Mini and Qashqai are mini cash cows for UK auto industry

Good news: BMW and Nissan will spend £700m building their new cars here in Blighty (even if the profits will end up elsewhere)

by James Taylor
Last Updated: 19 Aug 2013

UK plc hasn’t exactly been overwhelmed with reasons to cheer lately. So yesterday's news that Japanese carmaker Nissan will design, develop and build the latest version of its popular Qashqai model in our green and pleasant land - followed this morning by news that BMW plans to make its new Mini here too - has to be cause for celebration. This amounts to nearly £700m worth of inward investment – which safeguards a lot of jobs (not only at the factories concerned but also with its UK suppliers) and provides a welcome shot in the arm for UK manufacturing. Now all we need is lots more success stories like these…

Nissan said today that the new model would be designed at its London Paddington design centre, developed at its technical centre in Cranfield, and built at its production plant in Sunderland – which has already churned out the best part of 1m Qashqais in the last few years. So it's not exactly a massive departure for Nissan - as CEO Carlos Ghosn said today, the UK ‘has been a cornerstone of Nissan manufacturing since 1986’ - but it's welcome news nonetheless. And the same goes for BMW's plan to invest a further £500 in its UK production facilities, principally the factory in Oxford that has already churned out 2m Minis in the last decade.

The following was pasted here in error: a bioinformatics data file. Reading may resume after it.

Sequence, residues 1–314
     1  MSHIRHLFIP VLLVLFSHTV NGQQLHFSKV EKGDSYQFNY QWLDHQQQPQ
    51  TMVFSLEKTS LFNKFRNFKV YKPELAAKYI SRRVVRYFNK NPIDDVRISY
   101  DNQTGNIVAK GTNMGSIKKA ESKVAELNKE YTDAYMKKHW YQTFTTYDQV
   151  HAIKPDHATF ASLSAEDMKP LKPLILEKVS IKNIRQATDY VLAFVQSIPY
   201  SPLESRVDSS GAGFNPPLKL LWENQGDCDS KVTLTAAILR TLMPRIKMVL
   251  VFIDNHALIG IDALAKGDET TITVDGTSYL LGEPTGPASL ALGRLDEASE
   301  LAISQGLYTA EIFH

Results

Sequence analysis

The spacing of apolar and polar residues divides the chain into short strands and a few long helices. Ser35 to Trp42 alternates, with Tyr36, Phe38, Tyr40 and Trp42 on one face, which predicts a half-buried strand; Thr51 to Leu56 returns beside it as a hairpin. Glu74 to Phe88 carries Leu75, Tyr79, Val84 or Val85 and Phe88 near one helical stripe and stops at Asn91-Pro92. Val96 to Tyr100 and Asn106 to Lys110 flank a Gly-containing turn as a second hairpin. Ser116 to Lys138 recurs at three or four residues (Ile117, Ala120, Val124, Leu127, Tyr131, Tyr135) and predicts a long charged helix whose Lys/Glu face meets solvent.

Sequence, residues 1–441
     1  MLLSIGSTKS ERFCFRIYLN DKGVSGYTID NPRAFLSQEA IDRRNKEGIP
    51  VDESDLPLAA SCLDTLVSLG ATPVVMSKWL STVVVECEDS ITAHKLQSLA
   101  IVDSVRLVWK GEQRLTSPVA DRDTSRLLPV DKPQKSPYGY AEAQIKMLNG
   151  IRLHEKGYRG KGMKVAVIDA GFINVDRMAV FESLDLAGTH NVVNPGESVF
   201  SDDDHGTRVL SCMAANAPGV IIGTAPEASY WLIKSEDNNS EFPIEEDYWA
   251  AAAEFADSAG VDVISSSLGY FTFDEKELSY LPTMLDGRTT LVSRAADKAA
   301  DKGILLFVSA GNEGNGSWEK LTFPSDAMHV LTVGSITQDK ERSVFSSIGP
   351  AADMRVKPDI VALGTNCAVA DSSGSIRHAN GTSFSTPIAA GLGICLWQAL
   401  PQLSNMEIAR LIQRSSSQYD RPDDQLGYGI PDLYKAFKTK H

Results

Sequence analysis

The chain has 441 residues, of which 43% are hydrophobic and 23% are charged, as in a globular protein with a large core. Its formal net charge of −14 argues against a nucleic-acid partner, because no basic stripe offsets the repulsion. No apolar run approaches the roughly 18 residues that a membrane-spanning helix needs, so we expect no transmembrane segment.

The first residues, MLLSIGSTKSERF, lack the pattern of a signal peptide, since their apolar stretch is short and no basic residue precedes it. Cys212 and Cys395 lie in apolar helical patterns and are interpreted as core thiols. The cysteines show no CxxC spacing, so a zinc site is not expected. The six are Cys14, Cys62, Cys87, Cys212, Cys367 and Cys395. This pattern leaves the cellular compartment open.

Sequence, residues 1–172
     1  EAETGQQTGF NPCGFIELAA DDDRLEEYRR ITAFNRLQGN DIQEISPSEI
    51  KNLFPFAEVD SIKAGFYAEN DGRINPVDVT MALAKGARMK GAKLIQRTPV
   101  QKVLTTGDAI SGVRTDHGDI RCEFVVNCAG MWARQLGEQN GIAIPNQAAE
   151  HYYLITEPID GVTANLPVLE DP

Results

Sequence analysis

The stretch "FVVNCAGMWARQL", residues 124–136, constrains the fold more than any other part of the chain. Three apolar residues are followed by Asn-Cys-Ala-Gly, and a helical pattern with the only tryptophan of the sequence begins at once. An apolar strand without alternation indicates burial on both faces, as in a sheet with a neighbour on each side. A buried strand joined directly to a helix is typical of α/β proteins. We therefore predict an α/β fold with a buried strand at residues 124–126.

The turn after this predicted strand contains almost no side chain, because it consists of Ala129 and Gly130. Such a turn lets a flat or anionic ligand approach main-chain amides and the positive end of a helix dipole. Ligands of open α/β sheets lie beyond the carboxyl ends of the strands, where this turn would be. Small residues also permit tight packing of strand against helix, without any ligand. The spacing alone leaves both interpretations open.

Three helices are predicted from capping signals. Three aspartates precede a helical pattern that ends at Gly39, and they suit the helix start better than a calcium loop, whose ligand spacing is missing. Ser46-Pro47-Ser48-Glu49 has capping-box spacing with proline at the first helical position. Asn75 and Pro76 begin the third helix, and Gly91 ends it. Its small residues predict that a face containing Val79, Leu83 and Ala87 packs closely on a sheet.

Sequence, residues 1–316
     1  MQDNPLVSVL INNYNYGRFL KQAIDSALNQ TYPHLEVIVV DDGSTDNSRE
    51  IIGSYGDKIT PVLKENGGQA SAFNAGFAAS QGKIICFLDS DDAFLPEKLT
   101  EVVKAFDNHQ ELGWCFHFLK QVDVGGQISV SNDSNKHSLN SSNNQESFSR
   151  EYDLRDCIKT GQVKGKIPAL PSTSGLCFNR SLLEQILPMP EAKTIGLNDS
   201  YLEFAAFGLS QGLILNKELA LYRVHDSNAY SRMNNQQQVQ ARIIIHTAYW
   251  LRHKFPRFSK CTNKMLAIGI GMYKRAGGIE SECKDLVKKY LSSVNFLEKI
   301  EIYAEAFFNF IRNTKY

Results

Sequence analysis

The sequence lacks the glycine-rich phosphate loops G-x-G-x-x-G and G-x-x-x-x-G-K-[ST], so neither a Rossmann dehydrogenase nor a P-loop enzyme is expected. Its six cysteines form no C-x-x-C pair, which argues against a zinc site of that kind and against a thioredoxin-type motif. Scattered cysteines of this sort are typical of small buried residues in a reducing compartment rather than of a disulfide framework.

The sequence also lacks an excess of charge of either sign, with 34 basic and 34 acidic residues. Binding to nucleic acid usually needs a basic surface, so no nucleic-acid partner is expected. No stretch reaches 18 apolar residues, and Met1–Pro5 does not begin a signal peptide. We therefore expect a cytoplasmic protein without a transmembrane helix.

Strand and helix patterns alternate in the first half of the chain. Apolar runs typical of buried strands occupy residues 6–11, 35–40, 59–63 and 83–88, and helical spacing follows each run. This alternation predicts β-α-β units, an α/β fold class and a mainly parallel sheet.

But this is not just about convenience. Ghosn pointed out today that Nissan's Sunderland plant has set important benchmarks for quality and efficiency in Europe and around the world’, and that he expects it to become ‘one of the pillars of our zero-emission manufacturing’. In other words, as Vince Cable said today, these two factories represent two of the great success stories of British manufacturing’ – in a specialist field that Britain does better than almost anyone else. An industry that seemed to be dying a death in the 1970s is now worth around £25bn, roughly 10% of UK exports. The Mini has become a British icon - and although the Qashqai might not be as sexy as some of the classic cars previously made in the UK, it’s worth its weight in gold at the moment.

Incidentally, if you’re as keen as Nissan on cutting emissions, you might be interested in a new scheme currently under consideration in Australia; the idea is that farmers will be able to claim carbon credits by killing local camels, who apparently belch out huge amounts of methane. We must admit that we never realised the threat feral camels posed to the planet, but seemingly that’s just ignorance on our part. ‘If everyone knew what they were doing, people would be more concerned,’ Dr Moore told the FT, ‘especially when they start coming into town and kicking down your toilet.’ Hard to argue with that, isn't it?

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